The idea of common descent — that some individuals are related to each other by way of a common ancestor — is uncontroversial when applied to individuals of the same species. That it is true of individuals of different species was suggested by Pierre-Louis Moreau de Maupertuis in the 1740s and was adopted as a central concept of evolution.
The idea of universal common descent — that all species of life on Earth developed, or descended, from a common ancestor — is now almost universally accepted by the scientific community.  It is notably rejected by creationists, especially young-Earth creationists, who suggest that groups of species were created separately by God and the groups could not interbreed.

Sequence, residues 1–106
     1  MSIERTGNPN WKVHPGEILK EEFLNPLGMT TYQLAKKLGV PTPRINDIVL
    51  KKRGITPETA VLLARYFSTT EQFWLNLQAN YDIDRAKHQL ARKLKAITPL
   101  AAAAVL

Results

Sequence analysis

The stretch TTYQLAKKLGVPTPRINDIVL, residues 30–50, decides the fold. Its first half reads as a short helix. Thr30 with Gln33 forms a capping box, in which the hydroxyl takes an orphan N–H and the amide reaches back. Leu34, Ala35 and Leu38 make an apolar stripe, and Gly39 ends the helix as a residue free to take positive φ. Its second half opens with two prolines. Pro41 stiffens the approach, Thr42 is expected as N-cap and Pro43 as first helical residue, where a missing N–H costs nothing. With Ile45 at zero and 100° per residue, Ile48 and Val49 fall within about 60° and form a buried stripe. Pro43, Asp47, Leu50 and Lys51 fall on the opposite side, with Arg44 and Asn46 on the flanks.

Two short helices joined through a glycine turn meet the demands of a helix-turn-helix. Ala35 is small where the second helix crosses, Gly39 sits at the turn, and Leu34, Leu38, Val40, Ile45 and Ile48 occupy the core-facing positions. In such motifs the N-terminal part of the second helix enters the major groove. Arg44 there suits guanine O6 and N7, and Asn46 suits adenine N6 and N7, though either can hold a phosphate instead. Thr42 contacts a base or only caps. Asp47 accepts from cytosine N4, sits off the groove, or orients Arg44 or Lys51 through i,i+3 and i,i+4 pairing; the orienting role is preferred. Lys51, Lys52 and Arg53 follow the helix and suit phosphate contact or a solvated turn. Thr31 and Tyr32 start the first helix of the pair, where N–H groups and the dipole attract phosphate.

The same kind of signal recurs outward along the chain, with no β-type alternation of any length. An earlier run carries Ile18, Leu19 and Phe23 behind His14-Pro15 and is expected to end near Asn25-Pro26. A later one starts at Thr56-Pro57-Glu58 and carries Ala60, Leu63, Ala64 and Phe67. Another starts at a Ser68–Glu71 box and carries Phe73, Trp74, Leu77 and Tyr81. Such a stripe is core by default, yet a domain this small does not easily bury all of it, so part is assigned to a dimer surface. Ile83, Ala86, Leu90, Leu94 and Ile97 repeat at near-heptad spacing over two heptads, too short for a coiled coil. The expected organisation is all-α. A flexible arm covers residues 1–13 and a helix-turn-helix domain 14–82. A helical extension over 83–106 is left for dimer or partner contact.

Common descent from Adam and Eve
- "[...] genetics confirms we are all one race—consistent with humans being descendants of Adam and Eve."
While genetics indicates that all humans are related, we are also related to all other species and the common ancestor of all life is far older and much more simple than a human.
- ↑ Douglas Theobald, 29+ Evidences for Macroevolution, The Scientific Case for Common Descent, 1999-2012
- ↑